University of Pittsburgh
February 14, 2011

John Prendergast, Cofounder of an Initiative to End Genocide and Crimes Against Humanity, to Speak at Pitt Feb. 23

Lecture presented by the Ford Institute for Human Security titled “Eye on Sudan: The Promise and Perils of Secession”
Contact:  412-624-4147

PITTSBURGH—The University of Pittsburgh will present John Prendergast delivering a free public lecture titled “Eye on Sudan: The Promise and Perils of Secession” at 12:30 p.m. Wednesday, Feb. 23, in 3911 Posvar Hall, 230 S. Bouquet St., Oakland. Prendergast is the cofounder of the Enough Project, an initiative to end genocide and crimes against humanity. He will be a Visiting Fellow at Pitt’s Ford Institute for Human Security in the Graduate School of Public and International Affairs (GSPIA) Feb. 21-March 4, 2011. The lecture is part of the Ford Institute Speaker Series.

Prendergast will discuss the uncertainties faced by the people of southern Sudan, following their peaceful vote to secede after two decades of war failed to bring independence. Despite Sudanese President Omar al-Bashir’s acceptance of the vote’s outcome, the prospect for peaceful secession remains unclear. Prendergast will discuss some of the challenges that the Sudanese people are facing. Among these challenges are the disputes involving the north-south border and how to share oil wealth; Sudan’s oil fields are in the south, and export facilities are in the north. He will also discuss the possibility of widespread fighting sparked by communal disputes in the regions of Abyei, South Kordofan, and Blue Nile.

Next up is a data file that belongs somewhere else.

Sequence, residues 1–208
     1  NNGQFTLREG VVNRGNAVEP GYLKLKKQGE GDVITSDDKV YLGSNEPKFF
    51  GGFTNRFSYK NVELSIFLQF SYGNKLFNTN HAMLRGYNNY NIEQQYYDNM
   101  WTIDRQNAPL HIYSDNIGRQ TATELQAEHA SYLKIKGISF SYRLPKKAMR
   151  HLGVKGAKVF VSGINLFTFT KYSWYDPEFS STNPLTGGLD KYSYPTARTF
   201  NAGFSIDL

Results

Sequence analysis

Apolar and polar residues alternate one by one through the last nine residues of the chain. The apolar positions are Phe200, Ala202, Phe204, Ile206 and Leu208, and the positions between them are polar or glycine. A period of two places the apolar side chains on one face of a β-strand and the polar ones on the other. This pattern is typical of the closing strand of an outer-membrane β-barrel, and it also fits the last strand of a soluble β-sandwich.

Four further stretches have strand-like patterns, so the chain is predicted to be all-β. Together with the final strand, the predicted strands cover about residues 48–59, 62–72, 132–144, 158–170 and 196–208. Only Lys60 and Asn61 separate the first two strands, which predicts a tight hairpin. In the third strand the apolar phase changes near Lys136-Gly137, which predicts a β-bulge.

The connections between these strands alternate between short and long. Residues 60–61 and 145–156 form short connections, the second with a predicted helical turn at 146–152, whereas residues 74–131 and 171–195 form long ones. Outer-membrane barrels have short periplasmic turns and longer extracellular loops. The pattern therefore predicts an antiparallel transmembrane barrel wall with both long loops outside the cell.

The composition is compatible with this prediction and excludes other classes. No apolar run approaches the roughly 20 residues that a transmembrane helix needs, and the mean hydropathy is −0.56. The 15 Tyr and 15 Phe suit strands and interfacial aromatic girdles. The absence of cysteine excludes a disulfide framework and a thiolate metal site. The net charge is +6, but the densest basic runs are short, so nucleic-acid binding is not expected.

Prendergast is a veteran human rights advocate who has worked on Capitol Hill, in the White House, and at the U.S. State Department. In the nongovernmental sector, he has worked at UNICEF, Human Rights Watch, the International Crisis Group, and the U.S. Institute of Peace.

The Ford Institute for Human Security promotes effective responses to severe threats faced by civilians as a result of violent conflict. The institute conducts research on the causes and consequences of political violence and works to advance the idea that governments have a sovereign responsibility to protect their people. The institute is a research center within Pitt's Graduate School of Public and International Affairs.
 

For more information on the event or the Ford Institute for Human Security, contact Diane Roth Cohen at 412-648-7434 or drc51@pitt.edu.
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